Here’s a list of answers from this puzzle that would have baffled me when I was starting out as a solver: SAS, TARN, EOE, STP, ESTOP, DTS, PRIE, ABOU, SEARLE. Even now, I haven’t run into most of those outside of crosswords, so I’m going to say this grid could have used a bit more polish (though I’m open to the alternative explanation: that I’m ignorant as heck and need to read more). I did like seeing SYRIAN, BAYOU, WELSH, TRYOUTS, PRETEXTS, VAGUELY, and TRIP UP.
Thoroughly modern cluing at 1-Across: [Abruptly end a relationship with by ignoring texts, calls and such] = GHOST. The excellent third season of Insecure, which concluded this past Sunday, featured a ghosting storyline that got a lot of people talking.
22-Down: [Unwelcome word from a barber] = OOPS. Nice evocative clue – that’s some nightmare fuel right there! Gotta do your research.
That’s all I got for today. Thanks to the constructors and the editing team for the challenge. Safe driving!
David Alfred Bywaters’s Wall Street Journal crossword, “Rambling” — Jim’s review
Now this is more like it. I feel like we’ve been in a slump lately with WSJ puzzles. But today there’s solid wordplay on display in this grid where we have Rs going on walkabout (hence the title, “R Ambling”). Specifically, we have two-word phrases in which the lone R changes teams and finds a home in the other word. Clues are wackified accordingly. Oh yeah, there’s a revealer at 69a (MOVER, [Relocation pro, and a hint for six of this puzzle’s answers]), but it seemed superfluous.
- 18a [Result of avian overfeeding?] BEAK CRAMP. Break camp. This was the last one I got. In fact, the R was the last letter I put in the grid and it rewarded me with a chuckle.
- 23a [Conversation among anglers?] PIER CHAT. Pie chart. This works.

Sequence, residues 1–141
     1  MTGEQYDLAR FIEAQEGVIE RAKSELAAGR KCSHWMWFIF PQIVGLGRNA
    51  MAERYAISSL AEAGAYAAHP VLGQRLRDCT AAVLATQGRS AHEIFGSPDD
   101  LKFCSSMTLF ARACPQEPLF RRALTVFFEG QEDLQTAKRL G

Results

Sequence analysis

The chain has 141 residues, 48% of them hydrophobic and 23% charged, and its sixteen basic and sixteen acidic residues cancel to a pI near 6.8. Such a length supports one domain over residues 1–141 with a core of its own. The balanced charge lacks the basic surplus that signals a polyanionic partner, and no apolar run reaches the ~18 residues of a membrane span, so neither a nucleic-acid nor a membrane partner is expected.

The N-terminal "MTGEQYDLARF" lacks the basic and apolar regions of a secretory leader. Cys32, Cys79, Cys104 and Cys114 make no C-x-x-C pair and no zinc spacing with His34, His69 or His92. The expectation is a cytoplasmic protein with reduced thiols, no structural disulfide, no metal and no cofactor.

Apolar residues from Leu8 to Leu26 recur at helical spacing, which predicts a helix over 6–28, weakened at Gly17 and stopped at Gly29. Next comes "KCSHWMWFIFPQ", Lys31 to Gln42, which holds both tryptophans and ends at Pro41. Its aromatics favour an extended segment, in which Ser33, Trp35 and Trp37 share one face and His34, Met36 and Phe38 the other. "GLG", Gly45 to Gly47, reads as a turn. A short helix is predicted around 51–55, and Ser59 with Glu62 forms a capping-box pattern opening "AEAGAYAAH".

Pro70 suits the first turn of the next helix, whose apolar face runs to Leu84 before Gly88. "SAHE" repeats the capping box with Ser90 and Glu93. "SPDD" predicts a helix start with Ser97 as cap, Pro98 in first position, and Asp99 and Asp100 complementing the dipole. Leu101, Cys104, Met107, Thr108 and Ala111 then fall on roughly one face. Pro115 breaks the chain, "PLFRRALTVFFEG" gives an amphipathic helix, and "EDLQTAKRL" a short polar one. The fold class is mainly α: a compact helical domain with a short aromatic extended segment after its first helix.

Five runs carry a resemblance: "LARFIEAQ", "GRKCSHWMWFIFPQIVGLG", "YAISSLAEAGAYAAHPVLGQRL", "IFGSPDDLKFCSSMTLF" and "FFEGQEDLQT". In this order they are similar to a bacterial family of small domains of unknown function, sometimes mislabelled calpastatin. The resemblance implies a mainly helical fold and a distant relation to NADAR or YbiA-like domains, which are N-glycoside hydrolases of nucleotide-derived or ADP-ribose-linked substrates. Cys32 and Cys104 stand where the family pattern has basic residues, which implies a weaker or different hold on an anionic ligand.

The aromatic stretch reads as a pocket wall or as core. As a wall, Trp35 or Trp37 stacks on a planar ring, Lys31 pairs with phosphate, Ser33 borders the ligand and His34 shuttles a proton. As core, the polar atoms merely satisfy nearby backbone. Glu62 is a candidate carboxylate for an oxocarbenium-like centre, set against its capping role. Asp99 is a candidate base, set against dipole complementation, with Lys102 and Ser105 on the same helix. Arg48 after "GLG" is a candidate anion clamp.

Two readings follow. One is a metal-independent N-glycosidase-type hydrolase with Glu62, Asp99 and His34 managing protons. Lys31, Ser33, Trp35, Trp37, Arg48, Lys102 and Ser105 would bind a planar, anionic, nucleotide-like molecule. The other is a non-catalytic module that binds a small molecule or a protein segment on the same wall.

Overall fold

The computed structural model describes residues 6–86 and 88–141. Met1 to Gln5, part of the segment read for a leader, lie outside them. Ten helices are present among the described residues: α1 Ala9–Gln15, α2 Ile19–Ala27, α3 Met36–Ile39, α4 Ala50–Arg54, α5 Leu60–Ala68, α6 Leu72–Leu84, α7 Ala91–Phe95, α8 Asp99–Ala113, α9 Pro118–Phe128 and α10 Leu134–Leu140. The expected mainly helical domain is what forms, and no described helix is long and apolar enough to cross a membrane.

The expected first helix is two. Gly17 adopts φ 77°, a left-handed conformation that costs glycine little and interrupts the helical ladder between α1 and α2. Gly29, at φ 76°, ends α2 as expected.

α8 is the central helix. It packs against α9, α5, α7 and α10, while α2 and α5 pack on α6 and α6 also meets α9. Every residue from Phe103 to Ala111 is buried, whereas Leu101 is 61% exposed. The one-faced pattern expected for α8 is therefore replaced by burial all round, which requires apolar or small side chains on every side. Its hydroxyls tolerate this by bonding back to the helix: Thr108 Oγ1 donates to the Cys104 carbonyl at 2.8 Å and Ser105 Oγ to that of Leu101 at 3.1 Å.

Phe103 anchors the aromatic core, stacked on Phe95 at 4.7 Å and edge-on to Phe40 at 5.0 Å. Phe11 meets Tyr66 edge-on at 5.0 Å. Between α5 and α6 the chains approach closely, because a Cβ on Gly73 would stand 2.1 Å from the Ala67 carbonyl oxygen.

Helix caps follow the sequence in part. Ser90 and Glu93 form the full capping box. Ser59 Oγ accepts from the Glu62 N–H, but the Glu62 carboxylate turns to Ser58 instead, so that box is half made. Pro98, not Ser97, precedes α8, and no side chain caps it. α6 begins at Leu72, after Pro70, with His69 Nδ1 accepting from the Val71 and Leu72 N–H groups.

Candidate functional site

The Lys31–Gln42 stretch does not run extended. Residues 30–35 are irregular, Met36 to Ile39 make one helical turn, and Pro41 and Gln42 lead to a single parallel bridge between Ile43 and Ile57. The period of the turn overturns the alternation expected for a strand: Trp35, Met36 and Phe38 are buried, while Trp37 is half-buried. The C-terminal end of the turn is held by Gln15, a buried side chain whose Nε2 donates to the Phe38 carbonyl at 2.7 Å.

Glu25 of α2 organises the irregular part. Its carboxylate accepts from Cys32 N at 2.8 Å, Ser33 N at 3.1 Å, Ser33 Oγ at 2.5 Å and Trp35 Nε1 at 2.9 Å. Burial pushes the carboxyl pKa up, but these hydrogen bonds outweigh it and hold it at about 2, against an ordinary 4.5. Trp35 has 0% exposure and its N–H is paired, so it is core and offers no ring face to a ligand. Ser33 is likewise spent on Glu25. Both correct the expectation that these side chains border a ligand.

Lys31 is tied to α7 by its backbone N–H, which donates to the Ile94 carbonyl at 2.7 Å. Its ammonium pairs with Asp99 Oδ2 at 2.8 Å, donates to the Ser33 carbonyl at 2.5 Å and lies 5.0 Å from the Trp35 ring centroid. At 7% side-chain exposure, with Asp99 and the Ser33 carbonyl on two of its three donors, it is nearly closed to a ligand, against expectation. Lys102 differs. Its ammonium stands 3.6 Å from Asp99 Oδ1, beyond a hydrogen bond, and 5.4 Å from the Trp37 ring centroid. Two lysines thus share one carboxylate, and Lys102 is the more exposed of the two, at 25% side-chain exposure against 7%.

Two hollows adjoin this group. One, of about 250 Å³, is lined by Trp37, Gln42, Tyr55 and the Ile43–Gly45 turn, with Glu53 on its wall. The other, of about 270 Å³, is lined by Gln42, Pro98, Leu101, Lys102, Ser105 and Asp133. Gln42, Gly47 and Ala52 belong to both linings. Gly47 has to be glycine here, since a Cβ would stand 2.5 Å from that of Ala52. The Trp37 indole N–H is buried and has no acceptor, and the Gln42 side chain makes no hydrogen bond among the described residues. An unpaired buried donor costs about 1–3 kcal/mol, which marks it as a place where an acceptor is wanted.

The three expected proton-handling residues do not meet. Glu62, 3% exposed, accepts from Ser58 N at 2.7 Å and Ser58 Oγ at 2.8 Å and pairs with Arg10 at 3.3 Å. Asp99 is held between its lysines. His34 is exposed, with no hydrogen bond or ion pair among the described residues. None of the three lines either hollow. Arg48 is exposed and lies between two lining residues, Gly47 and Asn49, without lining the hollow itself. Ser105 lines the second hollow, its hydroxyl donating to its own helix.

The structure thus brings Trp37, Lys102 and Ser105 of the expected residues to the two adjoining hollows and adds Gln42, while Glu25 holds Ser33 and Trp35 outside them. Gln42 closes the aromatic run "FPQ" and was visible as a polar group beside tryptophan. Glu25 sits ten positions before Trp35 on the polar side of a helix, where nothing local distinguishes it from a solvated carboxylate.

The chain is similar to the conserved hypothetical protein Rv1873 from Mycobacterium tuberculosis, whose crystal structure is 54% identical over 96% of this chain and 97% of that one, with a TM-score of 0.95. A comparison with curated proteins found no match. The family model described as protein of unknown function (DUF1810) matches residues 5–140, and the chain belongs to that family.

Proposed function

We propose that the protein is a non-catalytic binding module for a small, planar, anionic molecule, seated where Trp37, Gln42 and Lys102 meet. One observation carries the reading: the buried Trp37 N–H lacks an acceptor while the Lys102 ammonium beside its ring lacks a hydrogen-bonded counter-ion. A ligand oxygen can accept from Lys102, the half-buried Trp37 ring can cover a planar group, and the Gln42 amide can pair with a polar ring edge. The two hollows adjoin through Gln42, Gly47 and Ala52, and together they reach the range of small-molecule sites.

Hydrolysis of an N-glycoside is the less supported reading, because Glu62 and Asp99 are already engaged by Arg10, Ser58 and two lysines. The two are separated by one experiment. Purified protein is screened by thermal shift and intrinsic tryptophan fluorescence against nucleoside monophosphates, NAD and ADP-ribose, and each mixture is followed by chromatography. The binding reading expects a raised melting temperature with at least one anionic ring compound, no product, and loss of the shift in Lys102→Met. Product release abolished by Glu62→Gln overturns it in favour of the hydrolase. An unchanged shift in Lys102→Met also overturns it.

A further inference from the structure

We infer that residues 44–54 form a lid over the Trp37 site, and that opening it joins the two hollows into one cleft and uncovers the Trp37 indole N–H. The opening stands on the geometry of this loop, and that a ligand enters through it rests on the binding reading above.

- 37a [Shirt with a daring message?] RASH TEE. Ash tree. This one isn’t as strong because the base phrase isn’t as “in the language” as the others.
- 40a [Course in a French painter’s curriculum covering hat-wearing?] BERET ED. Beet red. Here the base phrase is solid, but the modified phrase looks like a single adjectival word meaning “wearing a beret.” And the clue is somewhat tortured.
- 53a [Likely to be duped?] CON PRONE. Corn pone. I’m hungry.
- 57a [Crustacean with Olympic ambitions?] CRAB DIVER. Cab driver. A strong entry to finish the list. But a CRAB DIVER seems like it’s probably a real thing.
Despite the weaker two in the middle, this was a very enjoyable theme handled deftly and with humor.
And the fill is strong to boot. I like OPEN TOE (sandals), CHOLERA (as an entry, not as an disease), DAY BED, LAB RAT, SECRETS, and DIOCESE. Oh, I also liked that I was able to pull WOLSEY [Early adviser to Henry VIII] out of my head with few crossings. Cluing seemed to strike that balance between tricky and trivia to make the whole enterprise fun and worthwhile.
There are a few things that I could do without though, like ITALO, ABASE, ICE AX, ENRON, and ETAILED. Those are all overly used in crosswords, but that’s because they’re so durned useful to a constructor. Oh well.
Still and all, two thumbs up for this fun finish to the regular puzzle week. Until next time!